There are concerns Covid-19 patients may not always tell the truth about who they've been in contact with.
The issue was raised in discussions between senior Ministry of Health staff members about a report into three public health units' contact tracing ability carried out by consultants Allen and Clarke.
The "deep-dive" into the operations of Auckland, Hawke's Bay and Southern public health units from April 20-24, found a reliance on manual processes and a lack of communication between units and the National Contract Tracing Centre.
However, the use of standardised scripts to try and ascertain close contacts and where they had been is cited as a potential concern by at least one senior Health Ministry staff member, according to emails released to RNZ under the Official Information Act.
"It is noted that using scripted approaches can potentially have the effect of limiting responses, and runs the risk of a tick the boxes-type response in some situations," the former detective wrote.
He recommended contact tracing staff be trained in "recall investigative interviewing" used by police if some patients were reluctant to reveal who they were with, or where they might have been.
"There may be a myriad of reasons for a subject to be less than truthful about contact with others if diagnosed positive for Covid-19."
Hawke's Bay and Auckland Regional public health units had identified a "reluctance among some", especially if they had been involved in a criminal activity, he said.
"Public health staff identified this was an issue in smaller communities due to shame/bullying."
District of government agencies, general embarrassment or involvement in unauthorised activities could lead people to lie about who they had been with, he said.
"[There is a] real need to explore and deal with those types of issues from a public health standpoint during a pandemic."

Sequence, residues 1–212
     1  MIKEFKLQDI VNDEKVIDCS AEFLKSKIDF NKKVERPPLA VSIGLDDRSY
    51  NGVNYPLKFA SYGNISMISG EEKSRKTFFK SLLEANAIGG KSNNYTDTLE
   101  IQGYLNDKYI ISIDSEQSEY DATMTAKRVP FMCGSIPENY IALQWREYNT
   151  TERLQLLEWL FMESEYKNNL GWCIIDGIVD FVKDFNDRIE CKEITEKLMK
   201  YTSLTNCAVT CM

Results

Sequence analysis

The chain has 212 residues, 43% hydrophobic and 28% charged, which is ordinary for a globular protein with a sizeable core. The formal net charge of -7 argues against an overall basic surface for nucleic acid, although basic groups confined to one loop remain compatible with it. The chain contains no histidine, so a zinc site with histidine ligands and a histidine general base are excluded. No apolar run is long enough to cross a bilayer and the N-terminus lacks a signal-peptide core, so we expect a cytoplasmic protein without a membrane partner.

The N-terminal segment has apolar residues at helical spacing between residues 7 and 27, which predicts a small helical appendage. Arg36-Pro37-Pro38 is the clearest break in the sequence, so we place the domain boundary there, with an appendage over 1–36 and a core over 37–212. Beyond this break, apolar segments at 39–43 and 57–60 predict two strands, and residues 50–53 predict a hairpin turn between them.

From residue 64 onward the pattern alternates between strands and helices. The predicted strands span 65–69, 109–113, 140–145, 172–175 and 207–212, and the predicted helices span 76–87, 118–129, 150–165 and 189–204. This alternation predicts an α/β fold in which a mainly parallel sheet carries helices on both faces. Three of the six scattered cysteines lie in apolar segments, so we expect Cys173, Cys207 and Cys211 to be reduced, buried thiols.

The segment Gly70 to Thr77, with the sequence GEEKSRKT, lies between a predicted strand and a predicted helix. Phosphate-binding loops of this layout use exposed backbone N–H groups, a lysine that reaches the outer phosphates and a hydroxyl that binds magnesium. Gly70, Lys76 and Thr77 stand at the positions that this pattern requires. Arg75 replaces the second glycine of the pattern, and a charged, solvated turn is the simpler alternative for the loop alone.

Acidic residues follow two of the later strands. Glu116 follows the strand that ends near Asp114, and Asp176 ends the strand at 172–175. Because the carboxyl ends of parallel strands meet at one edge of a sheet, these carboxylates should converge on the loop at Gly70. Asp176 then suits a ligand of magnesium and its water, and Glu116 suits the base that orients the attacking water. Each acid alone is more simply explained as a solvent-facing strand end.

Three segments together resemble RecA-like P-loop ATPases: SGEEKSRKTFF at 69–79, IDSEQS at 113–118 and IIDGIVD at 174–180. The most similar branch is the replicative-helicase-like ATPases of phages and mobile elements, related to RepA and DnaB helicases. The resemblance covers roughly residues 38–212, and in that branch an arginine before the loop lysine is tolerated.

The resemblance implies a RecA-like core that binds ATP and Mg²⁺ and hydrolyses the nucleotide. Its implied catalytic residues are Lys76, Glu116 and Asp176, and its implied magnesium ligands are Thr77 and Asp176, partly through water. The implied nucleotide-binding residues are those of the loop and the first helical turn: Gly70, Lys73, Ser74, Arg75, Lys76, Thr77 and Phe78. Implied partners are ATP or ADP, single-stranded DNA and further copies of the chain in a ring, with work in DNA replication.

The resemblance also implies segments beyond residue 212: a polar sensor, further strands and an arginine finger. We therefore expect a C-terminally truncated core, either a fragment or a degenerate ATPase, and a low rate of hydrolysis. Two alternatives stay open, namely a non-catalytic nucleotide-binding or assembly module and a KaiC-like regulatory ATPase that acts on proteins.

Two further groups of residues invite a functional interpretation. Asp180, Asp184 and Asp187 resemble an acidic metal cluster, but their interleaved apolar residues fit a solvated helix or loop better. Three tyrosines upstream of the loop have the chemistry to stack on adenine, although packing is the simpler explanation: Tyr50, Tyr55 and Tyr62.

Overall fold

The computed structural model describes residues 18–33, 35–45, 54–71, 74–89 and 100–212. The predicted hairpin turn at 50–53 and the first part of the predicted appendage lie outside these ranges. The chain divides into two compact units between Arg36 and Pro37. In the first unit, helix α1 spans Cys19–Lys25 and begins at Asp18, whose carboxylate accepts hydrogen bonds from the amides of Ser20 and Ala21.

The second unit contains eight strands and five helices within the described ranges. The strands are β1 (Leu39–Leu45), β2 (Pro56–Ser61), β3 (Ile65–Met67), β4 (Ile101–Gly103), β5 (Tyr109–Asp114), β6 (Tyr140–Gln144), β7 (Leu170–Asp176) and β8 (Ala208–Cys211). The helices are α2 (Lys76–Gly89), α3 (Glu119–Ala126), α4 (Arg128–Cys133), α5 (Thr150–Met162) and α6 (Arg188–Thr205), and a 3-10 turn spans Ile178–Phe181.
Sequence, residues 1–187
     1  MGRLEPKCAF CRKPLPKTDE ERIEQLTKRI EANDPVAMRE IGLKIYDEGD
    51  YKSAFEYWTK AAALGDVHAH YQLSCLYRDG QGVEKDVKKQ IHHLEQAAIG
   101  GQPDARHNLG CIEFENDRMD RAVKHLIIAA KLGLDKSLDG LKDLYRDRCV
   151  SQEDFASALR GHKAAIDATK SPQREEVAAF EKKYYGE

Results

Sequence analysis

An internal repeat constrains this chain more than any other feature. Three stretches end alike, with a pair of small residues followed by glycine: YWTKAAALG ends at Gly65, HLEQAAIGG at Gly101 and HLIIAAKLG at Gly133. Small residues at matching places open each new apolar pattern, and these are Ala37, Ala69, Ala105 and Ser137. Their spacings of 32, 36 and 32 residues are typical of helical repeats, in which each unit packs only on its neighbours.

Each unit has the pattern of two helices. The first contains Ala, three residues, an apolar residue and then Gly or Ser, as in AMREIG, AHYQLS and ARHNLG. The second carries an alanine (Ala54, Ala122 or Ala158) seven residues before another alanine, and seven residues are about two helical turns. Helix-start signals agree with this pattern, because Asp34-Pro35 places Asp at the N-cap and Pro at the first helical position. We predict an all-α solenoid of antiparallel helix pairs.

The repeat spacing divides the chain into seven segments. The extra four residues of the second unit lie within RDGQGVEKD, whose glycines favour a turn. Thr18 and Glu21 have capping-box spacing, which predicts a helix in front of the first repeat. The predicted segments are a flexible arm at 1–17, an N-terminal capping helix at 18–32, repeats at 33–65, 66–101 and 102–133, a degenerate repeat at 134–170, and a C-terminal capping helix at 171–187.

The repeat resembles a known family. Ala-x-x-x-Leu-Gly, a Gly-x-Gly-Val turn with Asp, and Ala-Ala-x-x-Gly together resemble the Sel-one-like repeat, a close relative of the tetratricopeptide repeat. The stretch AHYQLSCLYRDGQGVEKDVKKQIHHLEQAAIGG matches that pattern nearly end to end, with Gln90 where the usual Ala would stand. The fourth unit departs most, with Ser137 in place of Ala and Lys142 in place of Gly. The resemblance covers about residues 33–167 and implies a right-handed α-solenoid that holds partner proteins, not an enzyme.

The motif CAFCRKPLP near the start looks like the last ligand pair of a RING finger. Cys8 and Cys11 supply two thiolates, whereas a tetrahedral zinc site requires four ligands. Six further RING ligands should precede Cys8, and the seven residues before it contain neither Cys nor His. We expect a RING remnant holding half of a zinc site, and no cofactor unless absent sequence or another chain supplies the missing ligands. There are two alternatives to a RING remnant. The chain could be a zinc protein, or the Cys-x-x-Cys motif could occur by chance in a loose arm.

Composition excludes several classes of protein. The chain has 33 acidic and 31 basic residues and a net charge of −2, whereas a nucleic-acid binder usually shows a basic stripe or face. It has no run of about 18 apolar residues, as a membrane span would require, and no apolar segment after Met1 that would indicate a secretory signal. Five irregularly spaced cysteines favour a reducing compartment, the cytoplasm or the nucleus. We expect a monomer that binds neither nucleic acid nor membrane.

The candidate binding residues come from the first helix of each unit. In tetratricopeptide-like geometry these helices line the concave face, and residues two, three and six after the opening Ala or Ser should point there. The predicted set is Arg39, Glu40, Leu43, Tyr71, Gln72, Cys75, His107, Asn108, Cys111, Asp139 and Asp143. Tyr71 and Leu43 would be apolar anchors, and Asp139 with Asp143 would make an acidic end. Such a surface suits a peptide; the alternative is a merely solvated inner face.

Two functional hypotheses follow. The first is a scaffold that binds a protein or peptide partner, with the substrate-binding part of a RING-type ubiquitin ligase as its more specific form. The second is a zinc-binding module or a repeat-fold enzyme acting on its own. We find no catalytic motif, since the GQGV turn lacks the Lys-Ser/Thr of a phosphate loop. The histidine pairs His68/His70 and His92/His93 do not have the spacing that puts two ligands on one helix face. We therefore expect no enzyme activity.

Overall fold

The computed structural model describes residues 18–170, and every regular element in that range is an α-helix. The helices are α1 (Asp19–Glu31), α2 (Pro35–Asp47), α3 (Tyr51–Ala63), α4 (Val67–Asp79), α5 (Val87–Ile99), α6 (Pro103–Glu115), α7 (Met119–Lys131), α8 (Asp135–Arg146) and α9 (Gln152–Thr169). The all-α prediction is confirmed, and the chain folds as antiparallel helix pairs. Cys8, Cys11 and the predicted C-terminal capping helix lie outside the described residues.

However, the Ministry of Health said public health staff were well trained in interviewing and the scripts were only used as a guide.
"Our experience shows that in general people are open about their movements with the support of the skilled interviewers," a Health Ministry spokesperson said.
Further training in police-style interviewing was not recommended, they said.
"An enforcement approach to corroboration may have unforeseen and negative impacts such as losing the willingness of cases to comply with restrictions and requirements placed on them."
Liz Read, a veteran public health nurse from Hawke's Bay District Health Board and Contact Tracing Assurance Committee member, agreed.
In her years of dealing with outbreaks of communicable diseases she rarely had a patient try and hide information, she said.
"Generally, they are concerned about their friends and their family members and want other people to get tested. It's pretty rare to have instances of people not being honest with us."
All public health units had been building their contact tracing capacity and skills over the past three months, including participating in exercises to ensure they were ready in the event of another outbreak of Covid-19 in New Zealand.
"We hope all this work is a waste of time of course ... but there's a lot of work happening behind the scenes to absolutely make sure we have that surge capacity," she said.